2014 COLLEGE ADMISSION
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Stanford University announces undergraduate admissions 2014 | Study Abroad

Stanford University announces undergraduate admissions 2014 | Study Abroad | 2014 COLLEGE ADMISSION | Scoop.it
Stanford University announces undergraduate admissions 2014 – Read to know all about Stanford University undergraduate admission, course details, application process, deadline and scholarship.

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Harvard University announces undergraduate admissions 2014 | Study Abroad

Harvard University announces undergraduate admissions 2014 | Study Abroad | 2014 COLLEGE ADMISSION | Scoop.it
Harvard University announces undergraduate admissions 2014 – Read to know all about Harvard University undergraduate admission, course details, application process, deadline and scholarship.

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A Look Inside the Admission Conclave - NYTimes.com

A Look Inside the Admission Conclave - NYTimes.com | 2014 COLLEGE ADMISSION | Scoop.it
When a college says that an application is in review by the admission committee, it can evoke images of a dark room with leather chairs and cigar smoke thickening the air as old college deans haphazardly determine an ...

Via Maureen O'Mara
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Top Engineering Schools in the U.S.

Top Engineering Schools in the U.S. | 2014 COLLEGE ADMISSION | Scoop.it
A list of the 10 best engineering schools in the United States. These schools consistently top the national rankings, and each has excellent facilities, professors, and name recognition.
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Stanford University Acceptance Rate Drops to a New Record for ...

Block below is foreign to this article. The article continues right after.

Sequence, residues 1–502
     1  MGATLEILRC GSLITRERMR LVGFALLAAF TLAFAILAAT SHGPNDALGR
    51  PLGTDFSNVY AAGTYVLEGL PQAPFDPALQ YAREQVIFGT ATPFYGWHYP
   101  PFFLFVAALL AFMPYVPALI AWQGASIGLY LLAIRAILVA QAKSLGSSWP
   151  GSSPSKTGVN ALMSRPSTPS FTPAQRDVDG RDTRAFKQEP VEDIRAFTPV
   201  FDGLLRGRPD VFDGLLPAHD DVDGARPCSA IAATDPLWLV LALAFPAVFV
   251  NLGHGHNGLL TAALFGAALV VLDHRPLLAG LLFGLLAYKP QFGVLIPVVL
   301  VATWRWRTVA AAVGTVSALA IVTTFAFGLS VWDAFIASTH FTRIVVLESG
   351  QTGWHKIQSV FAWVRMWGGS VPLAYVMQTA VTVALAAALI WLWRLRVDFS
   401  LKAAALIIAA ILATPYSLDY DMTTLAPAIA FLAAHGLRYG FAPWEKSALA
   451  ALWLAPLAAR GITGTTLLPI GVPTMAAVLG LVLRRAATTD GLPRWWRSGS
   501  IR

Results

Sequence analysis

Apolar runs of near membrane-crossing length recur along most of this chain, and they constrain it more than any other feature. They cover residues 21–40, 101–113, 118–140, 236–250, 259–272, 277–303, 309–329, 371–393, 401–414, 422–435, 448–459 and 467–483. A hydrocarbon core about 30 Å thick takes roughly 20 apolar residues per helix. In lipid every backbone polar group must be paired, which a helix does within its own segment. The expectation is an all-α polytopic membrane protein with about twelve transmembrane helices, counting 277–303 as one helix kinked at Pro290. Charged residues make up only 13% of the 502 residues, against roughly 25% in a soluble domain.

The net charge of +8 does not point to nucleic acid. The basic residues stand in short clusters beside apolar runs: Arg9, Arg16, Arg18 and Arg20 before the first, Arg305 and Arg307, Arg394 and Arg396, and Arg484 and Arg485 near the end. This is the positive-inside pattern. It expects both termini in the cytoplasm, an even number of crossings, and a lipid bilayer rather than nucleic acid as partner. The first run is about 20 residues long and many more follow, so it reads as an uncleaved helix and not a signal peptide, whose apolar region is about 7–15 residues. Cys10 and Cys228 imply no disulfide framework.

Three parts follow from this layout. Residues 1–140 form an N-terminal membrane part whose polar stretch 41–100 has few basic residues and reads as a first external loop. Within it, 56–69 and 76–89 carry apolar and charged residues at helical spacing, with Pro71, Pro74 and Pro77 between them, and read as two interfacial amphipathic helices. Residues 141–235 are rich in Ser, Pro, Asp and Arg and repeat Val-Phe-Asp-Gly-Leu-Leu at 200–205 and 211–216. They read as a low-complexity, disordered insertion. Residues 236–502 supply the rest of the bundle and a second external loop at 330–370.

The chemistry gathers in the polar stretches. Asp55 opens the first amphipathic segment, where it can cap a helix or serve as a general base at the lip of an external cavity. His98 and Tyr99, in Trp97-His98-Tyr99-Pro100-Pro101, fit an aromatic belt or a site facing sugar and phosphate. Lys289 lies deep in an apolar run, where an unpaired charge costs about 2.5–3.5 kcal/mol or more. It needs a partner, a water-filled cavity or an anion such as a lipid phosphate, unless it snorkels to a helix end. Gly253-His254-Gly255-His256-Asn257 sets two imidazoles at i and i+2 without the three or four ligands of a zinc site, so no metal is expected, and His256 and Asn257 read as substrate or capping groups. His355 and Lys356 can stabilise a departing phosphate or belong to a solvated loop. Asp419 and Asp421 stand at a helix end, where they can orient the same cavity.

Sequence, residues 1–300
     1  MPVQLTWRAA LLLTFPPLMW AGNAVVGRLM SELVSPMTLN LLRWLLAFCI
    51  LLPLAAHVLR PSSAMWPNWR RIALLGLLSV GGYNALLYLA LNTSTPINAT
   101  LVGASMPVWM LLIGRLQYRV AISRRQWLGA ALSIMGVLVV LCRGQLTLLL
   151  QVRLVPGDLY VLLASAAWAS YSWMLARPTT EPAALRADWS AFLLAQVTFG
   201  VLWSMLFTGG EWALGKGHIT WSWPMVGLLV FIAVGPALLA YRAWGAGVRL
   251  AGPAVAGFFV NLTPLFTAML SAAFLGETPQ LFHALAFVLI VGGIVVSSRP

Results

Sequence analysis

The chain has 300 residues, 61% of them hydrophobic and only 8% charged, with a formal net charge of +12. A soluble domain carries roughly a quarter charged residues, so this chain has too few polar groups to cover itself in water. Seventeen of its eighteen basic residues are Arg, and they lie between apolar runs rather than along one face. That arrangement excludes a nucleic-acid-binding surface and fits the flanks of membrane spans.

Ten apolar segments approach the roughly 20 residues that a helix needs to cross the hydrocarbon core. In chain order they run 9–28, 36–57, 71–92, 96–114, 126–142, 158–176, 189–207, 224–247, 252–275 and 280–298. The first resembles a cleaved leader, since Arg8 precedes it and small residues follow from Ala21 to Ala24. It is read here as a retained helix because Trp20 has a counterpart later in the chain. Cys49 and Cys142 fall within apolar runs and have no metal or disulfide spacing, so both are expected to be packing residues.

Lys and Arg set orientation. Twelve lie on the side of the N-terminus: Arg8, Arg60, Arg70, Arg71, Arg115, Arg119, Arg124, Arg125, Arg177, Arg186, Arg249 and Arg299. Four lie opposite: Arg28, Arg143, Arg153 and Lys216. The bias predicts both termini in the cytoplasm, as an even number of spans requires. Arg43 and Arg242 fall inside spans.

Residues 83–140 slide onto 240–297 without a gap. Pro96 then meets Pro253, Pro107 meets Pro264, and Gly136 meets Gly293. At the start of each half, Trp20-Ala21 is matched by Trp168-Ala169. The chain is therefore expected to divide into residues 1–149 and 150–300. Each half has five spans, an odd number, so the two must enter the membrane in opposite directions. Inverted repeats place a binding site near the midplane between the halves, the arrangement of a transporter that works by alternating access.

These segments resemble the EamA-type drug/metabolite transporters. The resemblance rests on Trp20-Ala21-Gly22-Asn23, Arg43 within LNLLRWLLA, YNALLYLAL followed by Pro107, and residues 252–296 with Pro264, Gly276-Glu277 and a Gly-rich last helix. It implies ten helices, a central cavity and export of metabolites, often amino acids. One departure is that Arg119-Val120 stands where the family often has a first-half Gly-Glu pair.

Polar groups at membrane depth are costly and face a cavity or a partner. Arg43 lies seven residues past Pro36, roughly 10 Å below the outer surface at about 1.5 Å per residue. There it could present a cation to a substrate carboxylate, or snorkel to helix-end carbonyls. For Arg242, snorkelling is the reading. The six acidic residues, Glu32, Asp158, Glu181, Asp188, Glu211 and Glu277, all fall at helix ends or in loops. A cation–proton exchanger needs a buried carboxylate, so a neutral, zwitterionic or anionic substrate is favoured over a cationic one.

Stanford University Acceptance Rate Drops to a New Record for ... | 2014 COLLEGE ADMISSION | Scoop.it
Stanford University Acceptance Rate for the Class of 2016 - College admissions data for Stanford.

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Every Single Applicant Fails University's Entrance Exam

Every Single Applicant Fails University's Entrance Exam | 2014 COLLEGE ADMISSION | Scoop.it
If you thought the admissions office at Harvard University was ruthless, you should try applying to the University of Liberia some time.

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What Predicts College GPA?

What Predicts College GPA? | 2014 COLLEGE ADMISSION | Scoop.it

"When I was a graduate student at Harvard, an admissions officer mentioned in passing that, if Harvard wanted to, the college could fill the freshman class with students who had perfect scores on the SAT. Every single freshman-- 800, 800. But that, he said, was not the sort of freshman class Harvard wanted. I nodded as though I knew exactly what he meant. I wish I had pressed him for more information. A recent meta-analysis (Richardson, Abraham, & Bond, 2012) gathered articles published between 1997 and 2010, the products of 241 data sets. These articles had investigated three categories of predictors: demographic, traditional, and non-intellectual factors. Ultimately, there is not much support here for the idea that demographic or psychosocial contextual variables matter much. Broad personality traits, most motivation factors, and learning strategies matter less than I would have guessed." | by Daniel Willingham